My Three Step Process for Tackling the Tough Stuff

Messy Room

I hate cleaning my house.  I wish I could have Mary Poppins’ snap cleaning powers.  That would be awesome.

I know there are plenty of people out there who enjoy cleaning.  Or who find the result of a clean house so motivating that they are willing to put forth the energy frequently enough to keep up with the housekeeping.

I am not one of those people.

I do have a level of cleanliness need- I absolutely hate crumbs under the table.  That is sufficiently motivating for me to sweep once, maybe twice a week.

Another highly motivating strategy is to invite someone over.  I definitely find myself in panic mode the night before company is due.  I’ll whip this house in shape then.  But other than that, I have a hard time getting up the energy and motivation to clean, de-clutter, pick up, and do all those household things I really should do.  I’d rather plan out my scope and sequence for my children’s schooling for the next 12 years.  Again.

Part of the problem is that three years ago, I birthed child number 4 and then I moved that summer and every summer since.  Around that same time, I began this homeschooling journey as my oldest entered Kindergarten.  Trying to clean and go through things to get rid of excess stuff when under time constraints with moving (while trying to manage four children and trying to stop them unpacking every box you pack and writing on every surface with the black permanent markers), and with homeschooling, and settling into to a new church and a new area is extremely challenging!

Another part of the problem is me.  I get overwhelmed by the mess and the clutter and then I berate myself and hate myself for my laziness and absolute failure to keep things tidy.  Not all that surprisingly, this does not lead to a more joyful, hard-working approach to my household tasks.  It ends up being a self-fulfilling prophecy.  When I tell myself I’m lazy and a failure, that is just what I become.  I know I need to have grace for myself (“Cleaning the house while the kids are growing is like shoveling snow while it’s snowing,” after all), but I also know I need to be faithful and hard-working in my God-given tasks.

In my ponderings on how to solve this motivation problem, I’ve been thinking about something Charlotte Mason quoted in her Original Homeschooling Series (Volume 2), “Sow a thought, reap an action; sow an action reap a habit; sow a habit, reap a character; sow a character, reap a destiny.”

It starts with sowing a thought.  That’s all I can handle right now.

So here is my three step process to sow a thought (well, three thoughts I guess) to motivate myself to tackle my housekeeping.

#1:  “There is therefore now no condemnation for those who are in Christ Jesus.”  Romans 8:1  I quote that to myself first, to remind myself that I do not do dishes to save myself.  God does not condemn me for my laziness or discouragement.  There is no condemnation.  I am free.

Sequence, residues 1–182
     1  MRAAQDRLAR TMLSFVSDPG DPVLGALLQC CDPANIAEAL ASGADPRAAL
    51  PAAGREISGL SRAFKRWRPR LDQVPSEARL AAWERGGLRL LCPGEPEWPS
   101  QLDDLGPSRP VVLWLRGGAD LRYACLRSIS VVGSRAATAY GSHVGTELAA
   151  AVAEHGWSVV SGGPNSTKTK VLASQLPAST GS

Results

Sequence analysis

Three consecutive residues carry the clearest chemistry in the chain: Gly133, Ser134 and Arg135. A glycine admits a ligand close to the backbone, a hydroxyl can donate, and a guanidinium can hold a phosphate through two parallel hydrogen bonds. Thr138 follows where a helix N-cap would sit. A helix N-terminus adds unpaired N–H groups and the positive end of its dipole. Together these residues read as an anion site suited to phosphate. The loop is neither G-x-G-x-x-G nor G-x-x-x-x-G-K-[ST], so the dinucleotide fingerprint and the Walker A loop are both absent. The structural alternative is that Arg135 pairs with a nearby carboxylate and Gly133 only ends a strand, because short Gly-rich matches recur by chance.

#2:  “I can do all things through Christ who strengthens me.”  Philippians 4:13    I admit to myself that I cannot do this.  I cannot face my dishes, my sweeping, the toys and the clutter.  But Christ, who lives in me, can.

#3:  “Whatever you do, work heartily, as for the Lord and not for men,  knowing that from the Lord you will receive the inheritance as your reward. You are serving the Lord Christ.”  

With these thoughts ringing through my mind, I find the strength to get up and get to work.


3 thoughts on “My Three Step Process for Tackling the Tough Stuff

  1. That sounds exactly like my level of motivation to clean my home. Usually knowing that my mother-in-law is coming over is enough motivation to make me do the dishes and vacuum real quick. 🙂 whatever works I guess! Great ideas and encouragement you have here though. Definitely good things to keep in mind!

  2. Just read this entry, and I truly identify with you! I used to think I was organized, and people complimented me on my organization, but that was then and this is now. I have certain specific “minimum requirements” for the living room and bathroom, looser requirements for the kitchen, and no requirements for my office/girl cave space. Try as I might. Therein lies my frustration! My den is where I sit each morning to spend time with the Lord, but just walking into that small room gives me an emotional “ugh.” At some point in the week I end up sitting at the computer to do serious work, and shudder at the papers piled around it. Typically my Saturday to-do list (wish list, not plan) is to declutter my office. This morning I walked in, did one sweeping spin around to determine what to do first, then walked out and shut the door. I’m already overwhelmed. I have tried the thought of “just do something with one item,” anticipating in a year I would have processed 365 items, but I am frozen. I’ve tried the timer. Once. It’s as if my brain just doesn’t have the correct gear. But give me a task, like create a new spreadsheet for who-knows-what-unessential reason, and I’m on it! My husband is terrific, “just be happy, don’t stress over it.” My laptop is on my desk in the office, so I have to go back in there at some point today. At the moment I’m typing on Dave’s computer in the kitchen. I’ll think about it later. Especially the “no condemnation” verse! I think I’m open to suggestions, “but.” (dream on).
    Hugs to you and the family!

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